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Gender Reveal Parties Grow in Popularity, Risk

FILE - This April 23, 2017, photo from video provided by the U.S. Forest Service shows a gender reveal event in the Santa Rita Mountain's foothills, southeast of Tucson, Ariz. The explosion from the reveal ignited the 47,000-acre Sawmill Fire.
Gender Reveal Parties Grow in Popularity, Risk
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The huge El Dorado wildfire burning in California reportedly started at a gender reveal party.

Gender reveal parties are growing in popularity in the United States. The purpose is for parents-to-be to announce to family and friends the sex of their unborn child.

The “reveal” is often done through colors: pink for a girl, and blue for a boy. People attending such a party might eat a cake filled with blue or pink frosting. Or the mother-to-be and her partner might open a big box full of either blue or pink balloons.

Today, Americans are coming up with increasingly complex ways to announce the sex of their unborn child. The party that caused the El Dorado wildfire, for example, involved a smoking pyrotechnic device.

For some people, gender reveal parties are fast becoming an important tradition. But critics say that more than a few parties have gotten too extreme.

Media reports often describe Jenna Karvunidis as the “inventor” of the reveal party. In 2008, she published images on social media of a cake she made with pink frosting in the middle. She used the pictures to announce to a few family members and friends that she was pregnant with a girl. The post went viral, and so did her idea.

Her reveal was simple compared to what some pregnant women and their partners do today. Karvunidis says that social media attention and possible earnings from viral posts have pushed couples to extremes. Pink or blue frosting, it seems, is no longer enough.

In 2018, one couple removed the inside of a watermelon, filled it with a sweet blue treat and then had an alligator bite it to reveal the sex of their baby.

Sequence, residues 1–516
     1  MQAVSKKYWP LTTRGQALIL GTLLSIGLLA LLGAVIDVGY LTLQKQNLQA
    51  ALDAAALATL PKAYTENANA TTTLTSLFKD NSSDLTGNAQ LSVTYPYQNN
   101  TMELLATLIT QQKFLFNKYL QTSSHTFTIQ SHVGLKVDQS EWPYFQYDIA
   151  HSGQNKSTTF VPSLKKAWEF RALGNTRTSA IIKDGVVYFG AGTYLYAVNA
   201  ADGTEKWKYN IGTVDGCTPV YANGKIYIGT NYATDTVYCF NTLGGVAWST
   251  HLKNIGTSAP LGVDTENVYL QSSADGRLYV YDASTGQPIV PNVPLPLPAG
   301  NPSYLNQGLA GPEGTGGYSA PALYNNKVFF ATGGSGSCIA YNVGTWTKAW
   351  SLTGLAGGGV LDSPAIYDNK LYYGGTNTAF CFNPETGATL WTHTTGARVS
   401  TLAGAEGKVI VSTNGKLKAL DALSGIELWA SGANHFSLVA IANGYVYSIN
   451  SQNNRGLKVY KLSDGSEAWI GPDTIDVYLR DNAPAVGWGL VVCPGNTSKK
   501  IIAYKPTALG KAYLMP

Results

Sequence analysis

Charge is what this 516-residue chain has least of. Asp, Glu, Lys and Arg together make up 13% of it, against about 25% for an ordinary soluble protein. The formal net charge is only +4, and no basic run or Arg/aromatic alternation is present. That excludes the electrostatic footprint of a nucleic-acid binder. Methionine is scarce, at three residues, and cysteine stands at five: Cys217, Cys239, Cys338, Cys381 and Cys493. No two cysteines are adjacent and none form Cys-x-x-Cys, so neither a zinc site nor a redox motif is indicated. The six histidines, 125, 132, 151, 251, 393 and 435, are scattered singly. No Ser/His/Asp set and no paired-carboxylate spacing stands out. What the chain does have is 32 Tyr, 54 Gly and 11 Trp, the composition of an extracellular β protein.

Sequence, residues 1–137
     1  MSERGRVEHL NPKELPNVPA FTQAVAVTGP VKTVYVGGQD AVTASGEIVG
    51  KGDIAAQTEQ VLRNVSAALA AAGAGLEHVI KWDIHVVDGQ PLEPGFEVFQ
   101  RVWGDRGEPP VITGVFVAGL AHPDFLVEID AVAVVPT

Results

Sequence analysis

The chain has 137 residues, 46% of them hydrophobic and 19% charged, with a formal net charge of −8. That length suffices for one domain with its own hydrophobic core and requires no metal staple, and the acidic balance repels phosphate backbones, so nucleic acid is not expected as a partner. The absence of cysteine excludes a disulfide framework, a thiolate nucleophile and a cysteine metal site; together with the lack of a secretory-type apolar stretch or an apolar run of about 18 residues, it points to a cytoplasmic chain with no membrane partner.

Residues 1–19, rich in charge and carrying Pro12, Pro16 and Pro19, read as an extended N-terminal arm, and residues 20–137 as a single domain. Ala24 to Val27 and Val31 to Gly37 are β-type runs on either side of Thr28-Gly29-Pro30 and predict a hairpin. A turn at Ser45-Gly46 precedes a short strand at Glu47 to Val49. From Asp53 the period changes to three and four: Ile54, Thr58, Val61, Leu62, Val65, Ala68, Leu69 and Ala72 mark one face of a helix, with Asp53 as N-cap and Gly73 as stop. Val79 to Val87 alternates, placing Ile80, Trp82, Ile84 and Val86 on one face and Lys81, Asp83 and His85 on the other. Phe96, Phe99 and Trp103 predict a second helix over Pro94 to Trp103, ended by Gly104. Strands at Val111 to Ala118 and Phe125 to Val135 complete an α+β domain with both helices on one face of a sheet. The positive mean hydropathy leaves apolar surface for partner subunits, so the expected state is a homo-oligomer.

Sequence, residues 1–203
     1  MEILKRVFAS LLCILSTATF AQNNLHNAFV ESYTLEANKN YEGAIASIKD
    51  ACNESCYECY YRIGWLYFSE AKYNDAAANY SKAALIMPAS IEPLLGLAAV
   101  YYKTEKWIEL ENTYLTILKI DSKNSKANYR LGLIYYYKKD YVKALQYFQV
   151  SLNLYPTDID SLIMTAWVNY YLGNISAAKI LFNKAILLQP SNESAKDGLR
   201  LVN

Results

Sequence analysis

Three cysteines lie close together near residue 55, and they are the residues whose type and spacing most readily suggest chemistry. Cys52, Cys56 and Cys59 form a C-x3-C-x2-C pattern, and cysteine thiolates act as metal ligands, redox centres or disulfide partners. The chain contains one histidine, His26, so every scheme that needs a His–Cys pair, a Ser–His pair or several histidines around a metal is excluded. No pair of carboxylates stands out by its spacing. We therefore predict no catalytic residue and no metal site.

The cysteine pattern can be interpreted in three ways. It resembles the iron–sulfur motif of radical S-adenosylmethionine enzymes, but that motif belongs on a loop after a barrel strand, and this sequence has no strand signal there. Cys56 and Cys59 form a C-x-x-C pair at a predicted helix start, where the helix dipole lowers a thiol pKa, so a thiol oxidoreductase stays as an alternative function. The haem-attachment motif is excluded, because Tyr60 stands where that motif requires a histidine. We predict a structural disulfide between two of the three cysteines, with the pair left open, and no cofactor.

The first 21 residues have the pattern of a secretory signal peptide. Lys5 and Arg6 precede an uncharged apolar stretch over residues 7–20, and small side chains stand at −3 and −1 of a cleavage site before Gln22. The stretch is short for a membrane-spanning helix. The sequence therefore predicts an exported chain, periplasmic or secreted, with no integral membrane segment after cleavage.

Another couple paid for a small airplane to drop small colored balls on party guests.

Some people are even jumping out of planes. In one case, a man parachuted from a plane toward event guests with a smoke canister that released colored smoke.

Some of these events have produced painful viral videos. One such video shows a Massachusetts man accidentally firing an explosive canister of blue smoke right between his legs.

Sometimes, the parties cause a lot of damage. One recent party near Los Angeles led to the El Dorado fire, which has burned around 5,600 hectares to date.

A 2018 wildfire in Arizona is also blamed on a gender reveal event gone wrong.

It is unclear if the fires will make Americans rethink how they want to reveal their baby’s sex.

There are signs that the interest in gender reveal parties is spreading worldwide. One couple recently lit up the tallest building in the world, the Burj Khalifa in Dubai, in blue to announce they were expecting a boy.

Karvunidis, however, says she has had enough.

She wrote on Facebook last week, "Stop it. Stop having these stupid parties.”

I'm Ashley Thompson.

VOA News reported this story. Ashley Thompson adapted it for Learning English. George Grow was the editor.


Words in This Story

cake - n. sweet baked food made from a mixture of flour, sugar, and other ingredients (such as eggs and butter)

frosting - n. a sweet, creamy mixture that is used to cover cakes

pyrotechnic - adj. related to or involving fireworks

post - n. a published message on social media

viral - adj. spreading very quickly to many people especially through the Internet

alligator - n. a large reptile that has a long body, thick skin, and sharp teeth, that lives in the tropical parts of the U.S. and China, and that is related to crocodiles

canister - n. a metal case that contains gas or chemical substances and that bursts when it is fired from a gun

Are gender reveal parties common where you live? What do you think about this tradition? Let us know in the comments section.